Posts Tagged ‘the State’

Bakunin on Class Oppression, Poverty and Suicide

December 23, 2018

Mikhail Bakunin was one of the towering figures of 19th century anarchism. A Russian aristocrat, he rebelled against tsarism after becoming a member of literary circle studying Hegelian philosophy, and threw himself passionately behind the worker’s struggle. He took part in many worker’s uprisings, and was captured when one of them, in eastern Germany, was put down. He was then sent back in chains to Russia, where he was goaled and exiled to Siberia. He escaped, took a ship to Japan, from whence he sailed to America. And from America he crossed the Atlantic to England, to call in at the home of his fellow Russian expatriate and anarchist, Peter Kropotkin. Although he is notorious for advocating violent revolution, particularly in a pamphlet he wrote with Nechaev, in some of his other writings he seems to believe that the revolution, which will overthrow capitalism, the state and the bourgeoisie, which will essentially peaceful. In one of his writings from the period 1869-1871 he argues for such a situation, and states that if there is violence, it will only be because the bourgeoisie want there to be.

He was bitterly critical of poverty that capitalism and the class structure of society and the state had created. And some of his descriptions of this poverty, and the despair and misery it caused, are still relevant today under Tweezer and the Tories. I found this passage in Mikhail Bakunin, From Out of the Dustbin, Bakunin’s Basic Writings 1869-1871, ed. and trans. by Robert M. Cutler (Ann Arbor: Ardis 1985):

This wealth, concentrated in an ever smaller number of hands and sloughing off the lower strata of the middle class, the petite bourgeoisie, into the proletariat, is wholly exclusive and becomes more so every day, growing in direct proportion to the increasing poverty of the working masses. Fro9m this it follows that the abyss which already divides the wealthy and privileged minority from the millions of workers whose physical labour supports them, is always widening, and that the wealthier the exploiters of the people’s labour get, the poorer the workers get. Simply juxtapose the extraordinary affluence of the great aristocratic, financial, commercial and industrial world of England to the wretched predicament of the workers of that country. Simply read once more the unpretentious, heartrending letter recently written by an intelligent, honest London goldsmith, Walter Dugan, who voluntarily poisoned himself, his wife, and his six children just to escape the humiliations, the poverty, and the tortures of hunger. You will have to acknowledge that from the material standpoint this vaunted civilization means only oppression and ruination to the people. (p. 112).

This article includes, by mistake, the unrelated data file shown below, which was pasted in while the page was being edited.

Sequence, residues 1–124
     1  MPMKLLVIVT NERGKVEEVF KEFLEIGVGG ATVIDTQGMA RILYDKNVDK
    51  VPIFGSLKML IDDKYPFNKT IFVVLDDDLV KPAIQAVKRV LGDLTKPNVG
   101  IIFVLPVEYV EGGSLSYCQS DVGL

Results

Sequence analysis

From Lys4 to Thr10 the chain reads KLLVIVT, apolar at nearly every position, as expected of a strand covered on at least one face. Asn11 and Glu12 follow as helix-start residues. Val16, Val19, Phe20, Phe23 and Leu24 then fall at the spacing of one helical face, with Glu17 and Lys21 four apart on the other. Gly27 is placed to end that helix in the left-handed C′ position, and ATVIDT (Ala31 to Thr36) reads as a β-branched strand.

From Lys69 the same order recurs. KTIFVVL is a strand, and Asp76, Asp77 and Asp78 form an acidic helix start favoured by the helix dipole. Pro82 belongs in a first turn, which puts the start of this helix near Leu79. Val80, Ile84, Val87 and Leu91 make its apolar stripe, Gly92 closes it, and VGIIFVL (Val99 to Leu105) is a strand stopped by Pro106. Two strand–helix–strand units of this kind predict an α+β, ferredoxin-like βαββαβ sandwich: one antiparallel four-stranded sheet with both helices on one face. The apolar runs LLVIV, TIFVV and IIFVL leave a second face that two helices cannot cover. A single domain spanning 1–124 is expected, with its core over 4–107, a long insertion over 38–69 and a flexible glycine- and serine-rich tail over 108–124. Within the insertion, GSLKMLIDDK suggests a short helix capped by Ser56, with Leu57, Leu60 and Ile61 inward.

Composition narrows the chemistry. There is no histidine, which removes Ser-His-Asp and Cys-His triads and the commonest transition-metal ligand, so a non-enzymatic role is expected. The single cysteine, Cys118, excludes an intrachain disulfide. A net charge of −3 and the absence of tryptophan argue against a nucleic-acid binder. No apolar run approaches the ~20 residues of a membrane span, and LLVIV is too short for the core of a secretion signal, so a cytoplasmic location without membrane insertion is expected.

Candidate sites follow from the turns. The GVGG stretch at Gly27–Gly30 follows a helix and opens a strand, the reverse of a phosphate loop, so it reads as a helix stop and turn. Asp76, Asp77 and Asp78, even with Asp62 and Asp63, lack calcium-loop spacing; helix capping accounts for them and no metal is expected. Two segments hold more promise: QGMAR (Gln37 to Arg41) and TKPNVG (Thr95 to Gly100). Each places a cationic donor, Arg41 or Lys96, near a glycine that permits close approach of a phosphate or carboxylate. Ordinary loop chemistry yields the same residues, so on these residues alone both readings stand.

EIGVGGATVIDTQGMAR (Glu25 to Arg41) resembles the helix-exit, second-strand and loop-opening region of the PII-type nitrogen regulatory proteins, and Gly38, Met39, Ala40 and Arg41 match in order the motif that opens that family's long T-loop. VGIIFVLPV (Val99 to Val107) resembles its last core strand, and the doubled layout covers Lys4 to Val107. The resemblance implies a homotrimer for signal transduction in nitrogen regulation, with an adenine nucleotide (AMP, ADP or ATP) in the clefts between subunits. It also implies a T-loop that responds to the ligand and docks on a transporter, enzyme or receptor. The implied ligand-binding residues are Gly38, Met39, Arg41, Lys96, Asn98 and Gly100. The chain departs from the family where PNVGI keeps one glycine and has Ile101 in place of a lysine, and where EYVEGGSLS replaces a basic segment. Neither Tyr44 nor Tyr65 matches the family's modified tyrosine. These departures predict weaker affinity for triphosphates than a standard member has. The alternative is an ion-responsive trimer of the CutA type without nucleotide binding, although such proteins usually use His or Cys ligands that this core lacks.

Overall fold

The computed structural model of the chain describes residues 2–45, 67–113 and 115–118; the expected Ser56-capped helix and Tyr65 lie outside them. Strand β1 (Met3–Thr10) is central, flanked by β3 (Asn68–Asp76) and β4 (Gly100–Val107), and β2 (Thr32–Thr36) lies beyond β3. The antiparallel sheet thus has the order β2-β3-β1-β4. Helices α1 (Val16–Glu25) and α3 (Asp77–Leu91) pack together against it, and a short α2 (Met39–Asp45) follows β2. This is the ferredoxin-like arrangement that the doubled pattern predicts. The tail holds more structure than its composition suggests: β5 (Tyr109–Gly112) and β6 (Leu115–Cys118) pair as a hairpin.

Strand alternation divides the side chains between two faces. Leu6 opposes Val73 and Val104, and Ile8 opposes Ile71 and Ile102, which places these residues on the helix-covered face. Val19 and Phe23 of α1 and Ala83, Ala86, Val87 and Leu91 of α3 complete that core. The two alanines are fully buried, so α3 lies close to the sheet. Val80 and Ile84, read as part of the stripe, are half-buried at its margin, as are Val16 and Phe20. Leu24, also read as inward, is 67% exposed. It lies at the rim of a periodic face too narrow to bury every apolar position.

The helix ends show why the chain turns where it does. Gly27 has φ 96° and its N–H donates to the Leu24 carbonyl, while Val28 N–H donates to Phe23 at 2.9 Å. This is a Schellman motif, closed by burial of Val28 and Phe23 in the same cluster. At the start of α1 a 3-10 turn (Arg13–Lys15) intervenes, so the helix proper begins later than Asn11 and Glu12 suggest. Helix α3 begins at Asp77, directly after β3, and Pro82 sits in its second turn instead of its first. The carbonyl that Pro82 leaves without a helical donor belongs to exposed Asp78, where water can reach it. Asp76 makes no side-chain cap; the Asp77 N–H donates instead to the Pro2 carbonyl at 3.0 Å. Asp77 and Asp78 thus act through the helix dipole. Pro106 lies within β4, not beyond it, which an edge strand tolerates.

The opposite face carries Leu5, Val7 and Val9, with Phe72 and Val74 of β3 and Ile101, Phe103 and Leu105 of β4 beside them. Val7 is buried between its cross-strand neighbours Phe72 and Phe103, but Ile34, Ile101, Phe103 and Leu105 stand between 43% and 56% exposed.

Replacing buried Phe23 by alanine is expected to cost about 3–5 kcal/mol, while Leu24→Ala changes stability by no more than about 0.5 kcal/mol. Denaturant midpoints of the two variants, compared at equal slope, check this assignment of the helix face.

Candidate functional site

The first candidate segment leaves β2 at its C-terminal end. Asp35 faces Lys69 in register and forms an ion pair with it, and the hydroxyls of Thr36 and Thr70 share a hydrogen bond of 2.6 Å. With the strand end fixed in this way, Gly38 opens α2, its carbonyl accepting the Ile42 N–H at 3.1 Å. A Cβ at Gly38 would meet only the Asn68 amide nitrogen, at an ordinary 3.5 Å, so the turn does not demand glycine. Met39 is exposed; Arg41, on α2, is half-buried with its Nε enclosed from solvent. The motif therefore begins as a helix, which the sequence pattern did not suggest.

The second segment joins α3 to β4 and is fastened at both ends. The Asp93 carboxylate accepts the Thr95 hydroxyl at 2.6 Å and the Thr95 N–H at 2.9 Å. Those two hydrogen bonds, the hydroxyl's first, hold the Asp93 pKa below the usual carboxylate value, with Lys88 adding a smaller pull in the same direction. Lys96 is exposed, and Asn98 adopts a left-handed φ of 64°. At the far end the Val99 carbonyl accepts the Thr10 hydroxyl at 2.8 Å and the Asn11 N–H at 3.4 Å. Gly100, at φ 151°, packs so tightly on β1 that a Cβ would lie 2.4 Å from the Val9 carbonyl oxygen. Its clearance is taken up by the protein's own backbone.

Dugan’s killing of himself and his children is truly horrific, and is probably better described as a murder-suicide, the type of crime that unfortunately appears every so often on the news. But as various left-wing bloggers like Stilloaks, Pride’s Purge and Mike over at Vox Political have shown, all too many people have died through misery and starvation due to the Tories’ destruction of the economy and the welfare state. Thousands of disabled people have been thrown off the benefits they need due to the Tories’ and New Labour’s fitness to work tests, and thousands of the unemployed have been left without money due to benefit sanctions. Thousands of people have died in starvation and misery, and some, like Dugan, have committed suicide. We have a quarter of a million people using food banks to save themselves from starvation. Something like 549 homeless people have died this year, including a Hungarian man, Gyula Remes, who died outside the House of Parliament. Mr. Remes had a job, but it didn’t pay enough for him to be able to afford accommodation. Meanwhile, Chris Skidmore, the Tory MP from Kingswood in Bristol, who said that austerity couldn’t be too bad because people weren’t lying dead in the street, has said nothing. Probably because he doesn’t want to remind even more people about his wretched comment, and can’t think of anything to say that wouldn’t put him deeper into trouble.

He’s only one of the Tories, who’ve made vile, sneering comments about the truly poor and desperate. I can remember another Tory a few years ago rhetorically asking who the homeless were, and replying that they were the people you stepped over coming out of the opera. And there are many others like him.

You don’t have to be an anarchist to want these people out of office. You just have to want a better Britain for working people, one that will give them proper rights at work, a living wage, a decent welfare system and a renationalized NHS and utilities industries that will safeguard and treat their health, and supply them with water, electricity and transport on the railways at proper prices, rather than exploiting them for the profit of private industry.

Get Tweezer and her profiteers out, and Jeremy Corbyn in!

Media Attacks on Anti-Nuclear Protests: The Same Now as in the ’80s